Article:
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Monday Rockpile: Managing the bullpen

In an effort to keep their starting pitchers healthy, the Rockies are trying to limit the number of pitches they throw. However, fewer innings from your starting pitching means more innings from your bullpen. Let's see how Walt Weiss has managed this difficult balancing so far.

Doug Pensinger

One of the few good things about yesterday's 8-3 loss to the Rays was that most of the bullpen got a well deserved rest. Despite surrendering six runs (five earned) on eight hits and three walks, Jhoulys Chacin managed to navigate through seven innings of work on just 86 pitches. This allowed Josh Outman to mop up the final two frames and give the other six members of the pen a day off. Combine that with today's off day, and the bullpen is in good shape heading into a tough stretch of 16 straight days with a game.

Looking at the season as a whole, the Rockies pen leads baseball in fWAR at 2.1. Part of this is because they are very good, and part of this is because they have thrown the third most innings of any pen in the game. The Astros (who by the way are on pace to get outscored by their opponents by approximately 375 runs this season) lead this category by a wide margin with the Pirates, Rockies, Blue Jays, Padres, and A's all just 4.1 innings apart with the next five spots.

Spotting an overworked bullpen is often more difficult than just looking at the total innings compiled by everyone involved though. Teams can spread the workload around and if done correctly, limit the strain on their most effective relief pitchers. This is where the Rockies have a bit on an advantage. With four members of the bullpen with at least 10 appearances currently sporting an ERA under 2.00 (Rex Brothers [0.63], Rafael Betancourt [1.46], Adam Ottavino [1.72], and Edgmer Escalona [1.96]) and a 5th member of the pen in Matt Belisle who the team trusts in big situations, the Rockies have multiple good options to choose from when they need to get out of a sticky spot.

In theory, this should help limit the combination of innings / appearances on any one member of the pen, and in reality, this has been true for the most part. (Unless of course your name is Matt Belisle and you continue to be one of the most underrated assets in all of baseball)

As of this morning, 66 relievers have made at least 14 appearances this season and the Rockies have three of them; a number that's slightly above average, but certainly not alarming. They are Rex Brothers (16 appearances - Tied for 8th most) and Matt Belisle and Wilton Lopez who each have 15 appearances (Tied for 28th most).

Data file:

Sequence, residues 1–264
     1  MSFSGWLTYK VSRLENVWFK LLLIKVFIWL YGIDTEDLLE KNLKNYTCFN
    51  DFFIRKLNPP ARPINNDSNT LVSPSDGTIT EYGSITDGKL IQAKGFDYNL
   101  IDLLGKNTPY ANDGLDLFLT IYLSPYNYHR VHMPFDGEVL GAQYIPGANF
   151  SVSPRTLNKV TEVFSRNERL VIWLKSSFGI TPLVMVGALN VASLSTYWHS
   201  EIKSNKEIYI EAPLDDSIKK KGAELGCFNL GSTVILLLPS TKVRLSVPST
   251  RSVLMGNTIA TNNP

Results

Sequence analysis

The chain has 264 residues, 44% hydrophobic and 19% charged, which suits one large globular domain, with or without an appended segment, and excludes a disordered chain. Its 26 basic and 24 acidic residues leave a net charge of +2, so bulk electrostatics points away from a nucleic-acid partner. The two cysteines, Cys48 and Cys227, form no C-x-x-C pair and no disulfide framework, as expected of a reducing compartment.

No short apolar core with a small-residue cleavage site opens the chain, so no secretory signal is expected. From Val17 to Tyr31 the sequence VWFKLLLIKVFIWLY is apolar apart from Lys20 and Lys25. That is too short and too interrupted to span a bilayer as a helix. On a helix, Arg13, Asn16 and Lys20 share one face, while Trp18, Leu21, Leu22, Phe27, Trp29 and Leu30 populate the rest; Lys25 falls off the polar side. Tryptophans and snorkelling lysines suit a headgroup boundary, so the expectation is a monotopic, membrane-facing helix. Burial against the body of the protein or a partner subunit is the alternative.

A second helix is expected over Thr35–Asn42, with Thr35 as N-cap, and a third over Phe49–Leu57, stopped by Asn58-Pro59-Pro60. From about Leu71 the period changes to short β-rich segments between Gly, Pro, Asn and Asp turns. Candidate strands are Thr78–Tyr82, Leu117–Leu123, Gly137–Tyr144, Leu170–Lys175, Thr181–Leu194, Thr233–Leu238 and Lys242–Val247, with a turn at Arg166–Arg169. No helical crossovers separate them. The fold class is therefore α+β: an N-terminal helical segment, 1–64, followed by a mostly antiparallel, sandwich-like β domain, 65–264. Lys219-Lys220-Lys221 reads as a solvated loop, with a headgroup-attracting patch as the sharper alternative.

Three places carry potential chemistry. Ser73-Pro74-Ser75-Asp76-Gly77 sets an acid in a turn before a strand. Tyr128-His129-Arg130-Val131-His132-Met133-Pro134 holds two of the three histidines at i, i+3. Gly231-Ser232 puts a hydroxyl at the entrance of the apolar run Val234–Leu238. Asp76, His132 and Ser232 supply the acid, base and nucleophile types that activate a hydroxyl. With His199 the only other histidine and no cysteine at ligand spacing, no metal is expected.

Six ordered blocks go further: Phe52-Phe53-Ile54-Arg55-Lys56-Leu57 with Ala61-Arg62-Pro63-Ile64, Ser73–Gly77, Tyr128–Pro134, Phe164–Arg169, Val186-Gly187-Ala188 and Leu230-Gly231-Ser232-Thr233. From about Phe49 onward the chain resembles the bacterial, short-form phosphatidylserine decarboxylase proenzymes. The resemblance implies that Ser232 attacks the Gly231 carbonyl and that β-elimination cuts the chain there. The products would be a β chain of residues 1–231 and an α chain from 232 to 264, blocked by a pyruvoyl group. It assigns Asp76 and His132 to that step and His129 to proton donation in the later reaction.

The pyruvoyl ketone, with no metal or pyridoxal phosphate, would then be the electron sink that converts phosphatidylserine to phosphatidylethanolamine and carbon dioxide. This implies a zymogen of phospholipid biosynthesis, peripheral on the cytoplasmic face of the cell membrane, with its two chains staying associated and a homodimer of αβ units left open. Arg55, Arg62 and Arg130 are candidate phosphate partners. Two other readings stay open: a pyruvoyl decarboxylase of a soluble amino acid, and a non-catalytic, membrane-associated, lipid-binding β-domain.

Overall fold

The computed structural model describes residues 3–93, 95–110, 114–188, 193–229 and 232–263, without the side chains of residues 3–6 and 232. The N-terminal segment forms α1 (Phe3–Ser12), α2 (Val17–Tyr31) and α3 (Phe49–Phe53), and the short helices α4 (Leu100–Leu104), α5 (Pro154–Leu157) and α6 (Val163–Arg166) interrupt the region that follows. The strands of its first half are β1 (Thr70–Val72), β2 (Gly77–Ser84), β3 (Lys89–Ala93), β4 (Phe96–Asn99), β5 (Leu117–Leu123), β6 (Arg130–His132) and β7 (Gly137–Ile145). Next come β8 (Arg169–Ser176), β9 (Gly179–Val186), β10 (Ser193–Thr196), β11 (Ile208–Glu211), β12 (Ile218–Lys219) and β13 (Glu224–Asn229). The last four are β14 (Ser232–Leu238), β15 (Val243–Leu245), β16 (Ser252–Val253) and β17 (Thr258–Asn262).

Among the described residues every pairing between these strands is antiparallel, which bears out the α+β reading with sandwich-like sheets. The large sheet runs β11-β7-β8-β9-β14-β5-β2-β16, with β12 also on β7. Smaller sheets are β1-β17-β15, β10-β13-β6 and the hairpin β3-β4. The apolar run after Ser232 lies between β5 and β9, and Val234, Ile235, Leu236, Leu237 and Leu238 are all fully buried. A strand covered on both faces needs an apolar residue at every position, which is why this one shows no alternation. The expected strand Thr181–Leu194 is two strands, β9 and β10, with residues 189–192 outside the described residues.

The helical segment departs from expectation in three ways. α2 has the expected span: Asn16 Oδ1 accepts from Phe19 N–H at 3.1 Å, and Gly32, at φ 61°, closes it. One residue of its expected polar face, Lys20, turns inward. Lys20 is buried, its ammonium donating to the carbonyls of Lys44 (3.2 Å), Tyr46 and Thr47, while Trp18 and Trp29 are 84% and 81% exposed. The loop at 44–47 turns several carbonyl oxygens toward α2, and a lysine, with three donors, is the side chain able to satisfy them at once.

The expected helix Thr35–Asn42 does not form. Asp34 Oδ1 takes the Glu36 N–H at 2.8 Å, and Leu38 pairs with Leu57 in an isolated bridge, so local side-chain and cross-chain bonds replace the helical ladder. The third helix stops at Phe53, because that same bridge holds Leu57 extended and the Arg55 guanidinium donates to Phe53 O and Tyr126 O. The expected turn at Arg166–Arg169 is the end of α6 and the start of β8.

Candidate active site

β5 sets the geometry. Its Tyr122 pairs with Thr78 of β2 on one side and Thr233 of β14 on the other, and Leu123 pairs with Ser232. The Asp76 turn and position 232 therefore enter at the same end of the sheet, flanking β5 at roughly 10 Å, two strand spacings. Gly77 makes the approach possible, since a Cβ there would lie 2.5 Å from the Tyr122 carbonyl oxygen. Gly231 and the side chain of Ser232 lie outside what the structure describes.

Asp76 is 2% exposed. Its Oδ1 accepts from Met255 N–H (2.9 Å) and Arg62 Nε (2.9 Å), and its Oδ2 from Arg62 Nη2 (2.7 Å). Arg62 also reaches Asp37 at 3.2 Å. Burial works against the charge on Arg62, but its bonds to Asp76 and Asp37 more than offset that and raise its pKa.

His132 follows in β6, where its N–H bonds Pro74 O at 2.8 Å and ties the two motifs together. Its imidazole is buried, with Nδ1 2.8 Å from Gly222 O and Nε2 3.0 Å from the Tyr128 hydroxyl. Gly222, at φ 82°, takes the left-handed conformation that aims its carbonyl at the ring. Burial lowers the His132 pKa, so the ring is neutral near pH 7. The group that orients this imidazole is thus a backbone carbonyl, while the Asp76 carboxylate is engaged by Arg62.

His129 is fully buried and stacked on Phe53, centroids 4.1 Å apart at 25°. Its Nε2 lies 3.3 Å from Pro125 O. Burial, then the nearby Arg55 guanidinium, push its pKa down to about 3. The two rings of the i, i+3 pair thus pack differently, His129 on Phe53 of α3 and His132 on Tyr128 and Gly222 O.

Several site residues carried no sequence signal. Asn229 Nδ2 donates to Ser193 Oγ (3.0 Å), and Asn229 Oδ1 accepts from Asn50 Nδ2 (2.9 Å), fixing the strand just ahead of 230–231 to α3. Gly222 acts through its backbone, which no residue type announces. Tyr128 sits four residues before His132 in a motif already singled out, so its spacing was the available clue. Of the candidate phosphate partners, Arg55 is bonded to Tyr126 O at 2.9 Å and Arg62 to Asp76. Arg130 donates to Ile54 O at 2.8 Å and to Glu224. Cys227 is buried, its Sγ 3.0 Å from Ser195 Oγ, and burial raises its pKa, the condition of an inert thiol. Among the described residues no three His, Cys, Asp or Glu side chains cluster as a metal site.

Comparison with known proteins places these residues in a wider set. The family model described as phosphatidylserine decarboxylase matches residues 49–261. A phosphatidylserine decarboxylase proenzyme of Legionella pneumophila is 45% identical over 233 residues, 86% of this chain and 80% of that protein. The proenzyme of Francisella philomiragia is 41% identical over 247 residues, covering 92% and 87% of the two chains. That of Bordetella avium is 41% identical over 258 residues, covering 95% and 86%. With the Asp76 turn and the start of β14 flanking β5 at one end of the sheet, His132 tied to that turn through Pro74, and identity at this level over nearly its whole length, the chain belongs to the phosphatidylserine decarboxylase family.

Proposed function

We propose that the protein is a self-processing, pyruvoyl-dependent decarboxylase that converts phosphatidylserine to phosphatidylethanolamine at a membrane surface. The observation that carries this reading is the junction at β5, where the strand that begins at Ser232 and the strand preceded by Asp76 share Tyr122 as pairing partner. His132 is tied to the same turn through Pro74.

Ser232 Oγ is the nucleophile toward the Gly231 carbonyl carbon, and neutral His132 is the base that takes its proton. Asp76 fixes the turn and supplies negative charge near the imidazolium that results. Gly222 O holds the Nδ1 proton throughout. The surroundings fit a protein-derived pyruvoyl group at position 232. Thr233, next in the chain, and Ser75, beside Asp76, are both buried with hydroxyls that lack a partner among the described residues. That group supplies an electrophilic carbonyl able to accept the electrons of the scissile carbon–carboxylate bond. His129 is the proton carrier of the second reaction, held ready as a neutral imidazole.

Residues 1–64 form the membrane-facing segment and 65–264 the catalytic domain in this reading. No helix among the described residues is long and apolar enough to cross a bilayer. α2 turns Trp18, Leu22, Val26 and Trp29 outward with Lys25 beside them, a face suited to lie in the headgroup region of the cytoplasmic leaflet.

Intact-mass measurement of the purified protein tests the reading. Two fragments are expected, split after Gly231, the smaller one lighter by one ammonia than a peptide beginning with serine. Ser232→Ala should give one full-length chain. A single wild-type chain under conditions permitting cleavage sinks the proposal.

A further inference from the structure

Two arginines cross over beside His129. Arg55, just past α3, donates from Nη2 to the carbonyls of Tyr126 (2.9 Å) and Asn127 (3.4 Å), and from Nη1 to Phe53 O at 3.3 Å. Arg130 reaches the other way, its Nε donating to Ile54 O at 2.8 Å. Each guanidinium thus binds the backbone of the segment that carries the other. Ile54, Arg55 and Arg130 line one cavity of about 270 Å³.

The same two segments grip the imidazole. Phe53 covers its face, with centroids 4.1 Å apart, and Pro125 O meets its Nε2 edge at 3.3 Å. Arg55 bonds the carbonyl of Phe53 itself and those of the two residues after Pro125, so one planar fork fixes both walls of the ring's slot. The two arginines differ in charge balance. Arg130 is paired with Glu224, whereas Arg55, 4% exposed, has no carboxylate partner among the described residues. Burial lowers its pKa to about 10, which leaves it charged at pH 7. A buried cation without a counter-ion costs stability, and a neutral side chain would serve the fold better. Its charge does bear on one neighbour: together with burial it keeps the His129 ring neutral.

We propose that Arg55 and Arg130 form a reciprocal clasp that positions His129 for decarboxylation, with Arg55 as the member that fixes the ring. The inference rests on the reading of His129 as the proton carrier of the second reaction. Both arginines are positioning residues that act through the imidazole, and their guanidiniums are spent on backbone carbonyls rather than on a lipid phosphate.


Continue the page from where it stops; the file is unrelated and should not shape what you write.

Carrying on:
These numbers look even more encouraging though when you compare them to how the rest of the division is managing this situation. The Giants have used both Sergio Romo and Santiago Casilla a league most 18 times and have also sent George Kontos to the hill in relief 17 times (Tied for 4th most in appearances). The D'Backs have the third member of the "currently leads baseball in most appearances out of the pen" club in Brad Ziegler (18 games) and have also used Matt Reynolds 16 times (Tied for 8th) and both David Hernandez and Tony Sipp 14 times (Tied for 45th most). Meanwhile, the Dodgers have used their three relievers with the lowest ERA (Kenley Jansen, Paco Rodriguez, and Ronald Belisario) 16 times each (Tied for 8th most).

When you measure it by innings pitched, the Rockies have two players in the top 30 while the Giants, D'Backs, Padres and Dodgers all also have players showing up on this board. In all, the N.L. West has 13 of the 38 relievers with the most innings pitched on the season.

Edgmer Escalona, who has made a few multiple inning relief appearances ranks 6th, and Matt Belisle ranks 10th in this category. It's the combination of appearances and total innings pitched that's a little concerning with Belisle, but he's proven he can handle this type of workload before. The bigger issue now may be the strain on his arm from averaging 77 appearances and 80.2 innings pitched over each of the last three seasons. The guy could not be more unappreciated.


In case you missed it, the Rockies made a couple of roster moves yesterday when they activated both Jhoulys Chacin and Todd Helton off the disabled list and sent both Tyler Chatwood and Ryan Wheeler down to AAA.

Patrick Saunders talks a little about the Rockies recent struggle with runners in scoring position, including how they went 0-9 in these spots in both losses to Tampa over the weekend.

While most of us think of the shift as a tactic used against left handed hitters, Noah Woodward points out that teams can also use a right handed pull shift to their advantage in certain situations. He goes on to outline five hitters who should be thankful that teams don't use it more often (none of them are Rockies).

Chris St. John of Beyond the Box Score introduces "Home Run Depth Perception".

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